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Practical and Robust Secure Logging from Fault-Tolerant Sequential Aggregate Signatures

Part of the Lecture Notes in Computer Science book series (LNSC,volume 10592)


Keeping correct and informative log files is crucial for system maintenance, security and forensics. Cryptographic logging schemes offer integrity checks that protect a log file even in the case where an attacker has broken into the system.

A relatively recent feature of these schemes is resistance against truncations, i.e. the deletion and/or replacement of the end of the log file. This is especially relevant as system intruders are typically interested in manipulating the later log entries that point towards their attack. However, there are not many schemes that are resistant against truncating the log file. Those that are have at least one of the following disadvantages: They are memory intensive (they store at least one signature per log entry), or fragile (i.e. a single error in the log renders the signature invalid and useless in determining where the error occurred).

We obtain a publicly-verifiable secure logging scheme that is simultaneously robust, space-efficient and truncation secure with provable security under simple assumptions. Our generic construction uses forward-secure signatures, in a plain and a sequential aggregate variant, where the latter is additionally fault-tolerant, as recently formalized by Hartung et al. [9]. Fault-tolerant schemes can cope with a number of manipulated log entries (bounded a priori) and offer strong robustness guarantees while still retaining space efficiency. Our implementation and the accompanying performance measurements confirm the practicality of our scheme.


  • Sequential Aggregate Signatures
  • Fault-Tolerance
  • Secure Logging
  • Truncation-Security
  • Forward-Security

G. Hartung—The project underlying this report was supported by the German Federal Ministry of Education and Research under Grant No. 01|S15035A. The responsibility for the contents of this publication lies with the author.

A. Koch, J. Koch and D. Hartmann—This work was supported by the German Federal Ministry of Education and Research within the framework of the project KASTEL_IoE in the Competence Center for Applied Security Technology (KASTEL).

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  1. 1.

    The terms “claim” and “claim sequence” are borrowed from [9]. However, we have added an epoch index i to each claim, because we are considering forward security in this work.

  2. 2.

    This security notion is slightly weaker with respect to the non-triviality of forgeries than the one for sequential aggregate signatures by Lysyanskaya et al. [19]. There, they allow for all messages in \(C^*\) to be already queried before, but in different order. However, our notion additionally considers forward security.

  3. 3.

    forward-secure existentially unforgeable under chosen log message attacks.

  4. 4.

    Remember that we assume that m and i can be uniquely derived from \(m \mathop {\Vert }i\), which implies that the claims and also differ after concatenating \(j'\) to their messages. Since \(j'\) is also only used once, the claim cannot become equal to any other claim of after this concatenation, either.


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Correspondence to Gunnar Hartung , Björn Kaidel , Alexander Koch or Jessica Koch .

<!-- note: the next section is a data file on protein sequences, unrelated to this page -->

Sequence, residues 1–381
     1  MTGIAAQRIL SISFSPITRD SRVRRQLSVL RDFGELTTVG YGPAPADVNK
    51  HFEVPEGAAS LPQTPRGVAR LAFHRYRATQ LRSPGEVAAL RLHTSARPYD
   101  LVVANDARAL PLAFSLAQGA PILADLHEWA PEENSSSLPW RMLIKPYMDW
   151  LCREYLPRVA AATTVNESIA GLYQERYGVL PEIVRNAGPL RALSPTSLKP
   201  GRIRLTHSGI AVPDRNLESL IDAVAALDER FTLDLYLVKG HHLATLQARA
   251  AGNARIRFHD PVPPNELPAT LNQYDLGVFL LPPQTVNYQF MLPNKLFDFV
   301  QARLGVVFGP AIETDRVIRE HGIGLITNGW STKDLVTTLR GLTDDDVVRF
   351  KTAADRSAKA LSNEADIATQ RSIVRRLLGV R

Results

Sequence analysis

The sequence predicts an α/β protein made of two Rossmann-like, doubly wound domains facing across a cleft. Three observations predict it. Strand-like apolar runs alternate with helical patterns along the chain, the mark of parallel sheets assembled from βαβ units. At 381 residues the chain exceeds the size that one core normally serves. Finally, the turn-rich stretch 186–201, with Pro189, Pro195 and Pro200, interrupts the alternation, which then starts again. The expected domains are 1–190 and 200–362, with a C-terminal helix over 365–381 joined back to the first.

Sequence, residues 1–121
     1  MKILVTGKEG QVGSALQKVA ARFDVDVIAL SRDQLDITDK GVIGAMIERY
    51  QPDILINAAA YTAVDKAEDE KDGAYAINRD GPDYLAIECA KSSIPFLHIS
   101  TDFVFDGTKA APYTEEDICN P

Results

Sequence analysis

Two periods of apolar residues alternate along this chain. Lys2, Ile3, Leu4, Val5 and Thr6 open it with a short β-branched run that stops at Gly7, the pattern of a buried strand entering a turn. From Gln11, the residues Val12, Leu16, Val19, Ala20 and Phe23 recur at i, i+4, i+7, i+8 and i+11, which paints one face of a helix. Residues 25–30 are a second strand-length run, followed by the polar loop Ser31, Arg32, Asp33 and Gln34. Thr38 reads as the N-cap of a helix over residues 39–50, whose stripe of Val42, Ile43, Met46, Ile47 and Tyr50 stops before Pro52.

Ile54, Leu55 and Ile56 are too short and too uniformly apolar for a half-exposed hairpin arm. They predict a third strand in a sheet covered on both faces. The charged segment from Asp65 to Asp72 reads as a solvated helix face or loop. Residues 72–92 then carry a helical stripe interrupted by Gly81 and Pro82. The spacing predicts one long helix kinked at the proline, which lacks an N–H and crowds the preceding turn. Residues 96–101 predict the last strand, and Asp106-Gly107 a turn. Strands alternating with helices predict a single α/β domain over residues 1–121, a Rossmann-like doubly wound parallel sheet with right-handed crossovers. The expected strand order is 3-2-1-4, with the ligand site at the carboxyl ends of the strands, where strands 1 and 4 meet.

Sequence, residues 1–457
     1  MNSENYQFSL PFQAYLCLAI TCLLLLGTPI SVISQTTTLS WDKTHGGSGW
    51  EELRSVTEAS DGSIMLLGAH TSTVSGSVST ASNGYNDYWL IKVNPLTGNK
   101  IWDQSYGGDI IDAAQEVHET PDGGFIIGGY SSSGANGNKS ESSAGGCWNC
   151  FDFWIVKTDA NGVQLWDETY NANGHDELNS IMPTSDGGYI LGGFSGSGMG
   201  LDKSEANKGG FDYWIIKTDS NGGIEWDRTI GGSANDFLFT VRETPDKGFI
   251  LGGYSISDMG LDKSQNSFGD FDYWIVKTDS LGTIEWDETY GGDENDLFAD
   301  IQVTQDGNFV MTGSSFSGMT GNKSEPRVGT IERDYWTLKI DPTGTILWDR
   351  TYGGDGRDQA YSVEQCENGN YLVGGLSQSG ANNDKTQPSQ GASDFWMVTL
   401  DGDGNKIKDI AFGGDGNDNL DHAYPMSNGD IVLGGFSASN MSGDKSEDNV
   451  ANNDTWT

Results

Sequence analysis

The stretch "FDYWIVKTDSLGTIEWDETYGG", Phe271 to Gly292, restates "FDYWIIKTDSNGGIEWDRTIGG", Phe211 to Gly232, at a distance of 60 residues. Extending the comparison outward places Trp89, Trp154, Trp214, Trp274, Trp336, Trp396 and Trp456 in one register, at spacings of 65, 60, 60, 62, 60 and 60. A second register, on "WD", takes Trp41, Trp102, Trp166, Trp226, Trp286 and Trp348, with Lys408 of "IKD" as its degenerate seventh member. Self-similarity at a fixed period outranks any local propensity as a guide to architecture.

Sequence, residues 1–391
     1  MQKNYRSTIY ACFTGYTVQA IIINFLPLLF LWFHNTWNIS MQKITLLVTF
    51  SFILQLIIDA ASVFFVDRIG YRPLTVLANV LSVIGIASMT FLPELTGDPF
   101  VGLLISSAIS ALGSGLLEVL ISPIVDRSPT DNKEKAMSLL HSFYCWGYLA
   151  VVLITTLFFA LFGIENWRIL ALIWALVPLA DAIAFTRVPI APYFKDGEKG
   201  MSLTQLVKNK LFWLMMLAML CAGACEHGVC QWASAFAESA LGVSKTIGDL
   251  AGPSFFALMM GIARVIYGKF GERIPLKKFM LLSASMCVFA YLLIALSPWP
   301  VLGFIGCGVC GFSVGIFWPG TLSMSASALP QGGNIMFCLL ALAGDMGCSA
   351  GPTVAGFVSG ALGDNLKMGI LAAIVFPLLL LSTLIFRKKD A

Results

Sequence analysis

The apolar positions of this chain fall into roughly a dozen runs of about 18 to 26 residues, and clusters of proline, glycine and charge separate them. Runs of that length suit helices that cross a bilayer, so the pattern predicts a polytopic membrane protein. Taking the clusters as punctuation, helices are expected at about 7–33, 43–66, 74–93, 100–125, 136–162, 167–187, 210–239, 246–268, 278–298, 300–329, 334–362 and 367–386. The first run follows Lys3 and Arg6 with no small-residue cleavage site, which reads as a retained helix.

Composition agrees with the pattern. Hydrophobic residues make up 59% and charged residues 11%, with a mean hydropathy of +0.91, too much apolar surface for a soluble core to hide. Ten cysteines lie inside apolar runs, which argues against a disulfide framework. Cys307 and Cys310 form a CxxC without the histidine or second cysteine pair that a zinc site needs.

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A Implementation Details

A Implementation Details

This section gives details about our implementation of the scheme from Sect. 4.1. Our implementation is written in C++11, and will be made available under a free software license. For the BM-FSS scheme, we chose a modulus size of 1024 bits, roughly equivalent to a security level of 80 bit. The BGLS scheme was instantiated using elliptic curve groups 160 bits, and the base field had 1024 bits. We used an instantiation of the cover-free family based on polynomials, described in [16]. For a CFF supporting \(n = 100\), 1000, and 10000 messages, we chose the field size \(q = 5\), 11, and 23, respectively, and fixed the polynomial degree at \(k = 2\). This led to \(d = 2, 5\) and 11, respectively. (The resulting CFFs were slightly larger than required: They supported 125, 1331, and 12167 messages, respectively.) Whenever a hash function was needed, we used SHA-256. We used a constant string of 200 bytes for all messages.

Our experiments were conducted on a laptop computer with an Intel Core i5-2430M CPU [12] with a clock rate of 2.4 GHz. (Our implementation is not parallelized and therefore did not make use of the additional processor cores.) The processor has private (per-core) caches of 128 KB (Level 1) and 512 KB (Level 2), and a shared Level 3 Cache of 3072 KB [11, Sect. 1.1] The system was equipped with 5.7 GiB of RAM and running a 64-bit version desktop version of the Fedora 23 GNU/Linux operating system, equipped with Linux Kernel version 4.4.9-300. All code was compiled with the GNU C Compiler (version 5.3.1) and optimization level set to -O2. We used Shoups NTL library [25] (version 9.4.0) for the implementation of the BM-FSS scheme and the PBC library [18] (version 0.5.14) for the implementation of the BGLS-FS-SAS scheme.

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Hartung, G., Kaidel, B., Koch, A., Koch, J., Hartmann, D. (2017). Practical and Robust Secure Logging from Fault-Tolerant Sequential Aggregate Signatures. In: Okamoto, T., Yu, Y., Au, M., Li, Y. (eds) Provable Security. ProvSec 2017. Lecture Notes in Computer Science(), vol 10592. Springer, Cham.

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